I’m talking about the ACG but “Anxiety-Causing Gizmo” is not its real name. The ACG is the Anterior Cingulate Gyrus, the brain’s gear shifter located above the corpus callosum (highlighted in yellow in the image above). The ACG is important for multi-tasking and being able to go from one task to another. Now one would expect that someone with high ACG levels would be an excellent multi-tasker (SPOILER ALERT: they could be), but like the old saying goes: “too much of a good thing is a bad thing.”
If my first year in Life Science 2 taught me anything is that too much of anything, even if it is “good”, is a bad thing. In these examples, I will stick to the topic of the brain. For example, if you have too much of the neurotransmitter dopamine, the “pleasure” or “reward” transmitter, you may feel increased anxiety, over-stimulation, and develop sleep issues. Too much serotonin, the “happy” transmitter, can cause tremors, twitching, and dysfunction of the body’s homeostasis. This is why the body requires a balance to work properly.
The ACG is the same way. A steady working ACG allows the person to “shift gears” normally; however, someone with high ACG activity would experience something different. High ACG activity allows the person to shift gears faster than normal. One could say people with high ACG activity are smarter since they are able to focus on multiple things at once, but there is a cost. People with high ACG activity can experience numerous problems. This list covers a majority of them and gives a quick run-down on issues with ACG activity along with ways to lower its activity. I will list a few here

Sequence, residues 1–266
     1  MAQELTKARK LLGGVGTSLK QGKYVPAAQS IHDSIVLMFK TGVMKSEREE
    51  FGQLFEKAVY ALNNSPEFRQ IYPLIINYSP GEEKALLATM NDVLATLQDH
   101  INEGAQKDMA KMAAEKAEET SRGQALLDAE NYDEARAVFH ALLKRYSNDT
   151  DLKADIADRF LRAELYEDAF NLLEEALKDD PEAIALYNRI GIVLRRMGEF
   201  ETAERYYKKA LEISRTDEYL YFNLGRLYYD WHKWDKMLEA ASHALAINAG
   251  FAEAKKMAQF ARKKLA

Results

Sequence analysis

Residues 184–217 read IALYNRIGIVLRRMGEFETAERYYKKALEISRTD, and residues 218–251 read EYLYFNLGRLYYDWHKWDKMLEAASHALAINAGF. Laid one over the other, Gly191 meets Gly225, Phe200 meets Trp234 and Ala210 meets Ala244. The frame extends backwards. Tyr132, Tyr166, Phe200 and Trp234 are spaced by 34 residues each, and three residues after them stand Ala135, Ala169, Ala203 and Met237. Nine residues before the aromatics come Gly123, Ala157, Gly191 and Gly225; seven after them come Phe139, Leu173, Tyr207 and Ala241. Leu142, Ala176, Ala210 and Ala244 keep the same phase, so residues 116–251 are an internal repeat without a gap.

- Stuck on negative thoughts
- Says no without thinking
- May cause many anxiety disorders such as: OCD, PTSD, and eating disorders
I personally believe this has something to do with some people saying that the smartest people are the unhappiest. A quote by Ernest Hemingway also brings up this point: “Happiness in intelligent people is the rarest thing I know.” Now I have heard before somewhere on the Internet that smart people are constantly thinking and constantly worried. There are numerous reasons for this (The Impostor Syndrome could be one), but high ACG activity could very much well be the cause or attribute to the cause or their sadness and worry. (Maybe I will visit this topic in a future post…)
I know this could apply to many people, but it is not safe to self-diagnose or diagnose others. While high ACG activity is a plausible cause for any anxiety issues, there is no way to know for sure without the proper tests!